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Minister insists Johnson did not lie to Parliament

By JONATHAN POWELL in London | China Daily Global | Updated: 2022-01-19 09:20

British Prime Minister Boris Johnson is seen during the Prime Minister's Questions (PMQs) at the House of Common in London, Britain, Jan 12, 2022. [Photo/IC]

Allegations that Prime Minister Boris Johnson lied to Britain's Parliament over claims of rule-breaking parties in Downing Street are "nonsense", his deputy has said.

Johnson told Parliament last week that when he attended a party in the Downing Street garden on May 20,2020, when lockdown restrictions were in force, he "believed implicitly that this was a work event".

Responding to claims made on Monday by former senior advisor Dominic Cummings that Johnson misled Parliament, Deputy Prime Minister Dominic Raab said: "Look, the suggestion that he's lied is nonsense.

"He's made it very clear to the House of Commons, took questions on this, that he thought it was a work event," he told Times Radio.

Cummings, who left government in November 2020 and who has since become a persistent critic of the prime minister, claimed in his blog that Johnson had agreed the drinks party should go ahead, reported Reuters news agency.

He added that he and other senior advisors were now prepared to swear under oath that the prime minister had "lied to Parliament about parties" at Number 10, noted The Daily Telegraph.

An investigation into allegations of rule-breaking by Johnson, his team and officials in Downing Street and in other government departments, is being conducted by senior civil servant Sue Gray.

Raab admitted that the prime minister would be expected to resign if he knowingly misled Parliament.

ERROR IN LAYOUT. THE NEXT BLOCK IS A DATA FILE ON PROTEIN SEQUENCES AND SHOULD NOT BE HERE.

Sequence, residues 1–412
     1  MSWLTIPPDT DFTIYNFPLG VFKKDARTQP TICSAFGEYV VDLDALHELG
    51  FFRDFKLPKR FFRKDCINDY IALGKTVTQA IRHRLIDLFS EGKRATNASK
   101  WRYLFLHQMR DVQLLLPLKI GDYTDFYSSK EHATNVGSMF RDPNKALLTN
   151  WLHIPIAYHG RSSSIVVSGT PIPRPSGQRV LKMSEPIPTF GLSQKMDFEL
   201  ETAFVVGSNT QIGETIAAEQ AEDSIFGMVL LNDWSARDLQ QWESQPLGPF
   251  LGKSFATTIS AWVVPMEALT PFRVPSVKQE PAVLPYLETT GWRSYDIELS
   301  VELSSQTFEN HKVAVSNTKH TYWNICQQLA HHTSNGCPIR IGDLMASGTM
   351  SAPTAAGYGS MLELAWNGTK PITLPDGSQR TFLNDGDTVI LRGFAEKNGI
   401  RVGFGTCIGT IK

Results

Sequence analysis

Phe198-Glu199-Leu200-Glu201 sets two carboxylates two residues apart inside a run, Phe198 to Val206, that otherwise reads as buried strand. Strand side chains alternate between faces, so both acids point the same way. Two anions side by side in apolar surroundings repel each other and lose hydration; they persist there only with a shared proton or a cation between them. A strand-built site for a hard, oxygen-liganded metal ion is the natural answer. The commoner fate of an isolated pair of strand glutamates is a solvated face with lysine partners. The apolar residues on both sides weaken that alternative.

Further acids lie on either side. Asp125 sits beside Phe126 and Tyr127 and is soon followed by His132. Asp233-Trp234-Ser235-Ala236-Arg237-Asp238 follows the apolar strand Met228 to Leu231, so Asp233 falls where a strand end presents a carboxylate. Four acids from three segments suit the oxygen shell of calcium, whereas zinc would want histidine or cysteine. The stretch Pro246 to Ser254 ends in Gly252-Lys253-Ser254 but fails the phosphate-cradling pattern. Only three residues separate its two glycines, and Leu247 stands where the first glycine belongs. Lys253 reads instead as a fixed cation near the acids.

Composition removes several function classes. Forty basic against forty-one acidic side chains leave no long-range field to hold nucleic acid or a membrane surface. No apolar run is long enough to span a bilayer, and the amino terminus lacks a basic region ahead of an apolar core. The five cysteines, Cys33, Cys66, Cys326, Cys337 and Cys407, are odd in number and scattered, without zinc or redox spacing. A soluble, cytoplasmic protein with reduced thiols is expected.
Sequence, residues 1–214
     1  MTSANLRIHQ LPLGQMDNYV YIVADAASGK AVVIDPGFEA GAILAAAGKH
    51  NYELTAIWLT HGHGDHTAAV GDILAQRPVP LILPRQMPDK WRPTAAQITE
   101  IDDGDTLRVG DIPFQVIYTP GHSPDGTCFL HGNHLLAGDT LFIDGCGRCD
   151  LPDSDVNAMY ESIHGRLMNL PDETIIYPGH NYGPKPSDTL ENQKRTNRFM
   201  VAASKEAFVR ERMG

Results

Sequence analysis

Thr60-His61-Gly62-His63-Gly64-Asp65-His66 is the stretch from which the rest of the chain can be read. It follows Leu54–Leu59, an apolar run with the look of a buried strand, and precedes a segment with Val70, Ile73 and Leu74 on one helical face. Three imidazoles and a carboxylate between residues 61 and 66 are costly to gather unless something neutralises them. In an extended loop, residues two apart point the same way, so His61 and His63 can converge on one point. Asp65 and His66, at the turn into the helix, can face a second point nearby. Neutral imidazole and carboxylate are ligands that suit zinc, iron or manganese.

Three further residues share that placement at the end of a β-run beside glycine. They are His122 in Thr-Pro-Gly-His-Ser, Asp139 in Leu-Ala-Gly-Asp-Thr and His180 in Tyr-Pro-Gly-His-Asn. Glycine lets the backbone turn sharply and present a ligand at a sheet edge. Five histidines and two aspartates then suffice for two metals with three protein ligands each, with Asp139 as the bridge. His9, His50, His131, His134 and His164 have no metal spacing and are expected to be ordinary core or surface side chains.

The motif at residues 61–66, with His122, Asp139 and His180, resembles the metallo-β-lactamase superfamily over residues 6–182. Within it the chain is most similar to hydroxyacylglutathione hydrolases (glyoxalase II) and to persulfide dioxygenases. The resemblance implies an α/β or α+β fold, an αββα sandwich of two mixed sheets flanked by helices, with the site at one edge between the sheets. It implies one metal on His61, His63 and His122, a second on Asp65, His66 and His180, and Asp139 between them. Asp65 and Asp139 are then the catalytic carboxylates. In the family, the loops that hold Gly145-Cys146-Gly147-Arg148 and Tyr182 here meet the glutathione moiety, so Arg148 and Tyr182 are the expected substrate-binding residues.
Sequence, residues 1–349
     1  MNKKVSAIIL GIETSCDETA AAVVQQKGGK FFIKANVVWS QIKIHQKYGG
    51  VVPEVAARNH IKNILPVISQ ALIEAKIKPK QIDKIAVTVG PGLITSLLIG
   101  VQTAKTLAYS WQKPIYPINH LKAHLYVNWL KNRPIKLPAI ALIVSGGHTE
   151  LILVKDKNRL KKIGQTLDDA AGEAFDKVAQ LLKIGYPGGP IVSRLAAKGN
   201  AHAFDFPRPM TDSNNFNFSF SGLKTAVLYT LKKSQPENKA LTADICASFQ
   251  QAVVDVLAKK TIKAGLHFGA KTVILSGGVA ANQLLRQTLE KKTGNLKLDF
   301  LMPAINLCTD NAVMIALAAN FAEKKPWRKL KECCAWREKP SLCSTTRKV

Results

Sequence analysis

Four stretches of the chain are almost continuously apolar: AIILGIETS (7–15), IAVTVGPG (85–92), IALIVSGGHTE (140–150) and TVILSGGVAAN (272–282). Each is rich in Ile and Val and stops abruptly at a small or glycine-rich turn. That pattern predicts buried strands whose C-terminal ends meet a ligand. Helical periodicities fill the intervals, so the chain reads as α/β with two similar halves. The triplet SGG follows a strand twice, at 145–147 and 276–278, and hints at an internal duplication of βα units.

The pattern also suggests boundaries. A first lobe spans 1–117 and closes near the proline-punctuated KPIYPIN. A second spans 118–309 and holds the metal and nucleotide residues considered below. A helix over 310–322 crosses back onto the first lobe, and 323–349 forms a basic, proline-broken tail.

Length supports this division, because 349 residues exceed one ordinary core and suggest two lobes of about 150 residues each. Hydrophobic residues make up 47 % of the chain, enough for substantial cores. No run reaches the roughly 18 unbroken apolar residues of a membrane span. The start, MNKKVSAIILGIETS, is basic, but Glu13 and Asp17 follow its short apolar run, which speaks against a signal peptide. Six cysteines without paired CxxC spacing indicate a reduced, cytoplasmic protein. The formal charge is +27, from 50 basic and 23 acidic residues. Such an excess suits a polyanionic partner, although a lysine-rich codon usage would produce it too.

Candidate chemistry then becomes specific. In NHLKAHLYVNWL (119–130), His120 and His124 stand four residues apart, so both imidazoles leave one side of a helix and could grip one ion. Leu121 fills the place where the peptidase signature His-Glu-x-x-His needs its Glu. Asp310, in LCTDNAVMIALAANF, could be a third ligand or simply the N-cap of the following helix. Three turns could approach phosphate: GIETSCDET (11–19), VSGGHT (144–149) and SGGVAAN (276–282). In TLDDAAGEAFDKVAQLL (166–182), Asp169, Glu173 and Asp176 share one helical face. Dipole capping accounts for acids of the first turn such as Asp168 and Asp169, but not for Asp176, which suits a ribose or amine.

He said it was "clearly the case "that ministers should resign if they are found to have broken the ministerial code.

Cummings claimed that he and another senior advisor told Johnson's Principal Private Secretary, or PPS, Martin Reynolds, the official who invited people to the party, that the event should not go ahead.

"I told the PPS the invite broke the rules," he said. "The idea that the PPS would be challenged by two of the most senior people in the building, say he'd check with the PM then not-is not credible."

Raab refused to speculate when asked to explain the contradictory versions. "It is quite right to say that both accounts cannot be reconciled, and the prime minister has been very clear that what has been suggested overnight is not true," he said.

Amid fresh calls for Johnson to resign, including from some of his own Conservative Party members of Parliament, Raab insisted the prime minister had been "straightforward" when addressing Parliament.

Speaking to Sky News, Raab said of the allegations: "The PM's been very clear that's not true or accurate. Forgive me if I don't get drawn into the soap opera of what one or other claim has been made.

"I've been clear that I think it's a serious issue, which is why we've got that serious investigation. I'm not going to get into commenting on every little snippet in the papers."

In a column for The Times, William Hague, former Conservative Party leader, said that if Johnson is forced to resign, he will be "an outlier in British political history" because other prime ministers forced to quit have left over policy issues, not because of their conduct.

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